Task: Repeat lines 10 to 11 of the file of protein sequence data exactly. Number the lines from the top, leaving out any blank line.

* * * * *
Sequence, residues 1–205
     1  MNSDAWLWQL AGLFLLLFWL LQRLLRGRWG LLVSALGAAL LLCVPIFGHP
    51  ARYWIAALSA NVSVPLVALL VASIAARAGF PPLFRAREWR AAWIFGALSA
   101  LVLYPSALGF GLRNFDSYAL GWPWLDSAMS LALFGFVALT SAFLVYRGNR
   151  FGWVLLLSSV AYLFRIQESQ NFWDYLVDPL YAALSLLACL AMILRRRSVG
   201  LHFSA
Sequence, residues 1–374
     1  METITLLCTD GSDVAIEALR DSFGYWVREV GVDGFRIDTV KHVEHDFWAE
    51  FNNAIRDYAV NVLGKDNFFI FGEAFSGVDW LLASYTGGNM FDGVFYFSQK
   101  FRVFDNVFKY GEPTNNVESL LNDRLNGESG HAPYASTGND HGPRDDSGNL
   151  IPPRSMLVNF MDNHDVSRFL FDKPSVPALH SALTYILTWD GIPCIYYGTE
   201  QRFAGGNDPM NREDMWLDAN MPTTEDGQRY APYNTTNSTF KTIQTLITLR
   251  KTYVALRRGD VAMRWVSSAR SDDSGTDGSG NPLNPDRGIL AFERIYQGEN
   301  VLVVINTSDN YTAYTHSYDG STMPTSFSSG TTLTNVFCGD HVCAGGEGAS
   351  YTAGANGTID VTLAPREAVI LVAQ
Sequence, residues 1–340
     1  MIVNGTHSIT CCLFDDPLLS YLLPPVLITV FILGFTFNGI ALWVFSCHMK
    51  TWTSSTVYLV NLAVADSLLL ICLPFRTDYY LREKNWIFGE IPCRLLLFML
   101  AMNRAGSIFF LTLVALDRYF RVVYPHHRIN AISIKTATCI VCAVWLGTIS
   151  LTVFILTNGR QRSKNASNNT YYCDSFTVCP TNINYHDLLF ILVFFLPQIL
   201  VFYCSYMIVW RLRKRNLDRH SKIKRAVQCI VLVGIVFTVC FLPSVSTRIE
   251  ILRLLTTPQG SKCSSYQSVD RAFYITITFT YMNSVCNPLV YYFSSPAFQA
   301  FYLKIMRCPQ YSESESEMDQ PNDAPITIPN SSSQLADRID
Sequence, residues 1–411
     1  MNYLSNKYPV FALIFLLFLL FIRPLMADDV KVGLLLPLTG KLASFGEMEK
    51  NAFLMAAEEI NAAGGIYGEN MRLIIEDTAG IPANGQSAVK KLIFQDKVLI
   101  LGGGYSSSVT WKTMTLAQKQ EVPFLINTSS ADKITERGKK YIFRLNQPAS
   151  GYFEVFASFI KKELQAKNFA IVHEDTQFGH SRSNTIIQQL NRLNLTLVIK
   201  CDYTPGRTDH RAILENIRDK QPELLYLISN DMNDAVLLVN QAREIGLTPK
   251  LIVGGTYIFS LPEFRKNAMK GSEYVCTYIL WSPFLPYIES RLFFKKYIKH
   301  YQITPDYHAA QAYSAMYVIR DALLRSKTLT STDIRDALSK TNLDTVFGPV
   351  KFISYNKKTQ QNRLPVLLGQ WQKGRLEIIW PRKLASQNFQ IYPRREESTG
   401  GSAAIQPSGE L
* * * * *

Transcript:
   101  FRVFDNVFKY GEPTNNVESL LNDRLNGESG HAPYASTGND HGPRDDSGNL
   151  IPPRSMLVNF MDNHDVSRFL FDKPSVPALH SALTYILTWD GIPCIYYGTE